A Hard Day's Night (album)

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A Hard Day's Night
A grid of 20 black and white head shots of the Beatles – John, George, Paul, and Ringo
Studio album by
Released10 July 1964 (1964-07-10)
Recorded29 January – 2 June 1964
  • EMI, London
  • Pathé Marconi, Paris
ProducerGeorge Martin
The Beatles chronology
With the Beatles
A Hard Day's Night
Beatles for Sale
Singles from A Hard Day's Night
  1. "Can't Buy Me Love"
    Released: 20 March 1964
  2. "A Hard Day's Night"
    Released: 10 July 1964

A Hard Day's Night is the third studio album by the English rock band the Beatles, released on 10 July 1964 by Parlophone, with side one containing songs from the soundtrack to their film of the same name. The American version of the album was released two weeks earlier, on 26 June 1964 by United Artists Records, with a different track listing. In contrast to the Beatles' first two albums, all 13 tracks on A Hard Day's Night were written by John Lennon and Paul McCartney, showcasing the development of their songwriting partnership.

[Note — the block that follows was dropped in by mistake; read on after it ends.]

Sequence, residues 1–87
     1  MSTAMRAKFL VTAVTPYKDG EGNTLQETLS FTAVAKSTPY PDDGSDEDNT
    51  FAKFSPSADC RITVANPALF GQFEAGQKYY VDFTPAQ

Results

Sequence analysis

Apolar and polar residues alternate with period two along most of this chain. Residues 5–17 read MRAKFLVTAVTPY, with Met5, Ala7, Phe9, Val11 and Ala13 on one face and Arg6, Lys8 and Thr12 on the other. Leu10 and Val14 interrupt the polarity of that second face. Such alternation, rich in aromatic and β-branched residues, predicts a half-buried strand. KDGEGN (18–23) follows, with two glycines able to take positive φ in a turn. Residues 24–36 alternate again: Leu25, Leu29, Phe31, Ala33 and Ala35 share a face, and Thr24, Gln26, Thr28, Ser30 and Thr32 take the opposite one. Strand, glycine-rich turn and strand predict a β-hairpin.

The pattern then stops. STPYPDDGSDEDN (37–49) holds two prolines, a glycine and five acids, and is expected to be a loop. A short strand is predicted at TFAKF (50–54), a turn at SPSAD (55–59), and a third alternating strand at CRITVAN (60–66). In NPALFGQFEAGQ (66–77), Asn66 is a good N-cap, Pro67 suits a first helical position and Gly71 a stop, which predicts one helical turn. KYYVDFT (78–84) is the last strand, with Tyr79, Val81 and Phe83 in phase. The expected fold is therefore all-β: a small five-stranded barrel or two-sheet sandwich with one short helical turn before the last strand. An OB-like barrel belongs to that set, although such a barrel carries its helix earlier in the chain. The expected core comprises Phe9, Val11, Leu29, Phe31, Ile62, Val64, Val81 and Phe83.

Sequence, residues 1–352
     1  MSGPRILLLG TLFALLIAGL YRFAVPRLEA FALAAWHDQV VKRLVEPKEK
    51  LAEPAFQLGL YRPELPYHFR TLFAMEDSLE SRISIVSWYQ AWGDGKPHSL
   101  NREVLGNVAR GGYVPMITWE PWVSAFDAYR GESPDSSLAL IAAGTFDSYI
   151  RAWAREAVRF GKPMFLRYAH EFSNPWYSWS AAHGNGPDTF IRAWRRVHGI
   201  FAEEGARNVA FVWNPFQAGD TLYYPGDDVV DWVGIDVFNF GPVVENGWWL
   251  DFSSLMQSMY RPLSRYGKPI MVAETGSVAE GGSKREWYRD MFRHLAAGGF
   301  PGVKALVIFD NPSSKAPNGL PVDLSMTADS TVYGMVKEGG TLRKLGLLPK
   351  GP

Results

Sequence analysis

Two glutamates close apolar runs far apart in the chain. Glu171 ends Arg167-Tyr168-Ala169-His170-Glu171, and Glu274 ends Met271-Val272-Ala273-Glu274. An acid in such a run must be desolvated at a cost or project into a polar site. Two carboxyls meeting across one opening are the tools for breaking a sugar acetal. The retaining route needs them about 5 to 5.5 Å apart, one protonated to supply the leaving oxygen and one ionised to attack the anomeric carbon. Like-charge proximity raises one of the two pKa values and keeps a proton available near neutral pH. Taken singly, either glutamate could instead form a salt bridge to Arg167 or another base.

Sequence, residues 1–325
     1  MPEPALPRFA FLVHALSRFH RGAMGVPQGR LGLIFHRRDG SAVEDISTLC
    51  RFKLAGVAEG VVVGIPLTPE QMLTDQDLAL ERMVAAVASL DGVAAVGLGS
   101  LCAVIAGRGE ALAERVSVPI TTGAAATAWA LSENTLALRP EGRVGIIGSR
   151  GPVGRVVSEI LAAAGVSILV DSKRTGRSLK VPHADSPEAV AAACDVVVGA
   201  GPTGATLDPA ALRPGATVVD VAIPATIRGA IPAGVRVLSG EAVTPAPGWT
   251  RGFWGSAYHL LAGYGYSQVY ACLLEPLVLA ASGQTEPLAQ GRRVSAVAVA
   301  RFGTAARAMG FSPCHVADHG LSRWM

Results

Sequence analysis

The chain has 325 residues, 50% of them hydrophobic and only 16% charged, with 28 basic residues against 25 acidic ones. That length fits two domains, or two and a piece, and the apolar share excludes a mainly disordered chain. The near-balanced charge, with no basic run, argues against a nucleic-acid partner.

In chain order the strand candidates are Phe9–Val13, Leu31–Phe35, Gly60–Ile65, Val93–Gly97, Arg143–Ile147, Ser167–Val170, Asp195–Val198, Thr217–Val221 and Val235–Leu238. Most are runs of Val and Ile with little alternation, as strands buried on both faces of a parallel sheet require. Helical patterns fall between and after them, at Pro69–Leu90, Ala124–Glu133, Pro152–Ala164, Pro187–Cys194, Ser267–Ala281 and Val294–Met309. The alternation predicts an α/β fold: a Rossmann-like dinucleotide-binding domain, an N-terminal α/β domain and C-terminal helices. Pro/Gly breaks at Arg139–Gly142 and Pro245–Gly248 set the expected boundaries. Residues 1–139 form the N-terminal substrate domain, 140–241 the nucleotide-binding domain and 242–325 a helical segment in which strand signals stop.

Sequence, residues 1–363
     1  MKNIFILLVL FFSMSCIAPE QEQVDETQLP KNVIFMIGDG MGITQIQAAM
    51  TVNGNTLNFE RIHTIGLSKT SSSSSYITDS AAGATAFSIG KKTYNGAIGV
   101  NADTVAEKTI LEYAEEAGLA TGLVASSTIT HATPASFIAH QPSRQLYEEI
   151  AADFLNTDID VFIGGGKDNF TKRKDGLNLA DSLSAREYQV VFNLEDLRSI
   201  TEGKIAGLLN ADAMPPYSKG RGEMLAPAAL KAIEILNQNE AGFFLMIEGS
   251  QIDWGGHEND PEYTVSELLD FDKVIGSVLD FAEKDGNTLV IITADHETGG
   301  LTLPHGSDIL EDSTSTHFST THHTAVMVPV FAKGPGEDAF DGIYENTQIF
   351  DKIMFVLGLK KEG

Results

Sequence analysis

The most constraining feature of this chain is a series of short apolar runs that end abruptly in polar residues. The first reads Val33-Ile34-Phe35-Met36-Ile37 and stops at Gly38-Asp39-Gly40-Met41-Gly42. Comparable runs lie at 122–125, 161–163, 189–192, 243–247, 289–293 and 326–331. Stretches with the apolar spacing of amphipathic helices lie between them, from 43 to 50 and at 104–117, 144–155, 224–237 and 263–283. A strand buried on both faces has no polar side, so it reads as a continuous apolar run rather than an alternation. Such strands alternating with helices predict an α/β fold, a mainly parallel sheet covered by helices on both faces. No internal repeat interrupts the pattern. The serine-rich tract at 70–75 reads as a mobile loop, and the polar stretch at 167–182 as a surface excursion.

The album includes the song "A Hard Day's Night", with its distinctive opening chord,[3] and "Can't Buy Me Love", both transatlantic number-one singles for the band. Several of the songs feature George Harrison playing a Rickenbacker 12-string electric guitar, a sound that was influential on the Byrds and other groups in the folk rock movement.


A Hard Day's Night by the Beatles (side one) – Parlophone yellow and black label

Musically, A Hard Day's Night eschews the rock and roll cover songs of the band's previous albums for a predominantly pop sound.[4] Sputnikmusic's Dave Donnelly observes "short, peppy" pop songs characterised by layered vocals, immediate choruses, and understated instrumentation.[5] According to Pitchfork's Tom Ewing, the lack of rock and roll covers allows listeners to "take the group's new sound purely on its own modernist terms", with audacious "chord choices", powerful harmonies, "gleaming" guitar, and "Northern" harmonica.[4] Music journalist Robert Christgau writes that Lennon–McCartney's songs were "more sophisticated musically" than before.[6] It also features lead guitarist George Harrison playing a Rickenbacker 12-string electric guitar, a sound that was influential on the Byrds and other bands in the folk rock explosion of 1965.[7][8]